The general consensus here (and elsewhere) seems to be that the Giants went cheap with their fifth and sixth selections: Williams at #43 and Culberson at #51. The way the narrative goes, there's not much money left in the budget since they're going to be paying 4 of the first 32 picks of the draft. So, they drafted players they wouldn't have considered until much later under normal circumstances, figuring that they will happiily accept much less money than their draft slot warrants.
Everything about this narrative seemed reasonable to me, until I looked up the signing bonuses for the top 100 picks in 2005 and 2006 in Baseball America. I only found a few examples of teams clearly saving over $100,000 with a signing.
The Cubs saved about $150K in the first round last year, while the White Sox saved about $150K in the second round last year.
- $1.6M, Kiker, TEX
- $1.475M, Colvin, CHC
- $1.7M, Snider, TOR
- 500K, Fontaine, ATL
- 330K, Long, CWS
- 480K, Jay, STL
2005? Wade Townsend to Tampa Bay at #8 was a 500-700K bargain. There were some odd issues with Townsend, but I think the D-Rays knew what they were doing. This is clearly the biggest price break of the last two years. The Marlins saved about $200K at #22, the D-backs saved about $150K at #49, and the Astros saved about $140K at #89.
By my estimation, that's one pick in two years who saved their team more than $200K, and he was picked in the top ten. Is there any reason to believe that the Giants are going to save any more money than this with these two picks? That they are somehow taking signability to a whole new level? If not, the likely choices are a) the Giants really wanted these players and were worried they wouldn't be available in the fifth round, or b) there were over a hundred players on their board that they preferred over Williams and Culberson, but they overlooked all of them in an effort to save $200-300K total. I honestly don't know which of these scenarios is accurate or how valuable these players will turn out to be; I was just surprised to learn that we're talking about chump change in an organization's budget here.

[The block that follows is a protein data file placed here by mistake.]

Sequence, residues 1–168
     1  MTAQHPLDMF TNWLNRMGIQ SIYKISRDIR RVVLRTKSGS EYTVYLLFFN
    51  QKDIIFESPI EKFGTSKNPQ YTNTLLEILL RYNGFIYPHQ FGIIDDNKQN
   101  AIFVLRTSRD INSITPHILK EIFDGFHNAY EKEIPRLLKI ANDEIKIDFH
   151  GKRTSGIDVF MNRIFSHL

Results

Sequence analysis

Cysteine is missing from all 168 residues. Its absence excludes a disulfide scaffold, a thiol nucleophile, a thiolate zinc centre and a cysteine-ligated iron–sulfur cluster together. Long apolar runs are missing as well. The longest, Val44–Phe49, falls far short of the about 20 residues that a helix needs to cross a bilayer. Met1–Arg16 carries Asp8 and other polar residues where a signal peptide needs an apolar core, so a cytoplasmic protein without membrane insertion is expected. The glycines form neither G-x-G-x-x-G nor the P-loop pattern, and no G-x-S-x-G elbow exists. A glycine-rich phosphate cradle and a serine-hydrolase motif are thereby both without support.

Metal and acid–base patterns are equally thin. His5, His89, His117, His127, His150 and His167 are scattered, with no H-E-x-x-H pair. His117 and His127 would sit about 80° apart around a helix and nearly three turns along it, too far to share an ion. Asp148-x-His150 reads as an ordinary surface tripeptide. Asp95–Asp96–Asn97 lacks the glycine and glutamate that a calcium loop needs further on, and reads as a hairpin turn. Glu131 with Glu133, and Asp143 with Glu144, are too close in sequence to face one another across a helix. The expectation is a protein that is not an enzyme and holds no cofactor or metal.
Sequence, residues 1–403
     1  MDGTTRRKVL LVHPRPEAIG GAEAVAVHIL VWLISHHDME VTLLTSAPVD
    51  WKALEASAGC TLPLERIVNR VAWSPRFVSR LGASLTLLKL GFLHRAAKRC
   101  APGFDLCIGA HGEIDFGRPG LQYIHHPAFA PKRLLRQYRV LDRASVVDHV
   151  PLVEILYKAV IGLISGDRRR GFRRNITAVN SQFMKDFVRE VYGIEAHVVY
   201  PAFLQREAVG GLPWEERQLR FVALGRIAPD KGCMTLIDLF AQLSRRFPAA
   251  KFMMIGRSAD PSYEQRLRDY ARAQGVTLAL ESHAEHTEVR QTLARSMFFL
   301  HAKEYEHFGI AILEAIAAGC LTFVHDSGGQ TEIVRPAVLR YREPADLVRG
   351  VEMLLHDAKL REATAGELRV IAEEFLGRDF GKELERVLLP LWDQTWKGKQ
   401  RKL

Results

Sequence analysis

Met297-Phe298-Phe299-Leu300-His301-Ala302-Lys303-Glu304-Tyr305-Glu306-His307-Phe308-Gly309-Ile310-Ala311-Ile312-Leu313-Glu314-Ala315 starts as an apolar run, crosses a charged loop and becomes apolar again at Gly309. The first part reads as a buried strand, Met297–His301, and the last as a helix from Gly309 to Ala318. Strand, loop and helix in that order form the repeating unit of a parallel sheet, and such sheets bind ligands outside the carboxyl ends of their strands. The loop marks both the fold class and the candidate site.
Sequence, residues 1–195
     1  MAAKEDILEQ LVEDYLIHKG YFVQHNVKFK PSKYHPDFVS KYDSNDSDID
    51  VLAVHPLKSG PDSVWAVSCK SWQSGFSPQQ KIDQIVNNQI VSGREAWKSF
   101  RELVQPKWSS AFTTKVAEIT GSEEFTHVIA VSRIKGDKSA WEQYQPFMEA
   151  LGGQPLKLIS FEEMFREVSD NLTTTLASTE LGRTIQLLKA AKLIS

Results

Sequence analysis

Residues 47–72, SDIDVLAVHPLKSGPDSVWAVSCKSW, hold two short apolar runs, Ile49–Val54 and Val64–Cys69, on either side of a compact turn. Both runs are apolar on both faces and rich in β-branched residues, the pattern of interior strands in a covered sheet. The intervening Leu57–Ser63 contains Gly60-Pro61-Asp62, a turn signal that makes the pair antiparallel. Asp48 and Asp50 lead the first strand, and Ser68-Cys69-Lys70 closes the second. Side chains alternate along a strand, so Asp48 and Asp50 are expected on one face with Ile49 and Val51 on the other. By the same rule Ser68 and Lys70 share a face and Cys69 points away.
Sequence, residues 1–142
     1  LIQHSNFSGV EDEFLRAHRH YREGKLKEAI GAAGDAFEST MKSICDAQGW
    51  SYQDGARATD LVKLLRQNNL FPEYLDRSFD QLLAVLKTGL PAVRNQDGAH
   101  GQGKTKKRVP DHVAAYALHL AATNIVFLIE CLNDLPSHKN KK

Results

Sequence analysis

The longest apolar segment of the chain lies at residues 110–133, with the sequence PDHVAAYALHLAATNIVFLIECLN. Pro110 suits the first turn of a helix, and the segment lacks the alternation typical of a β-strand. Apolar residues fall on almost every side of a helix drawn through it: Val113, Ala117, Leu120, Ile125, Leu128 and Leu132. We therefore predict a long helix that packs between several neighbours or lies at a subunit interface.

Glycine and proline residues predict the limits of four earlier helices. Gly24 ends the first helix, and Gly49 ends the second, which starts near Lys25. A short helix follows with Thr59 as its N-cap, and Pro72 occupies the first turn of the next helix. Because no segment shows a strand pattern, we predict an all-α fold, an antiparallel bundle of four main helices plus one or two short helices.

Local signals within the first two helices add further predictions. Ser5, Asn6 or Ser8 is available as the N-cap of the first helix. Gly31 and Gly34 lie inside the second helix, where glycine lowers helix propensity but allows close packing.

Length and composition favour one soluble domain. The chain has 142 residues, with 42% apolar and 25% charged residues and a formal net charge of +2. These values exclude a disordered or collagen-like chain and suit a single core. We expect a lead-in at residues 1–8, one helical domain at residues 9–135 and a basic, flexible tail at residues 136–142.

(Also, I realize that the Giants could have drafted players that were considered difficult signs with these picks, and either paid well over slot or lowballed them to the point where they wouldn't sign. However, when people say the Giants went "cheap" with those two picks, I am assuming that they mean they were planning to pay under slot, not simply that they were avoiding players who would require more than slot. Of course, nothing would save more money than drafting an unsignable player, but that clearly wasn't the case here.)
Anyway, I'm just throwing this out there for Brute, Doc, and Steve and the rest of you out there who understand amateur baseball a lot more than I do? Am I missing something, or is there not much money to be saved by going "cheap" once you get past the first ten picks or so?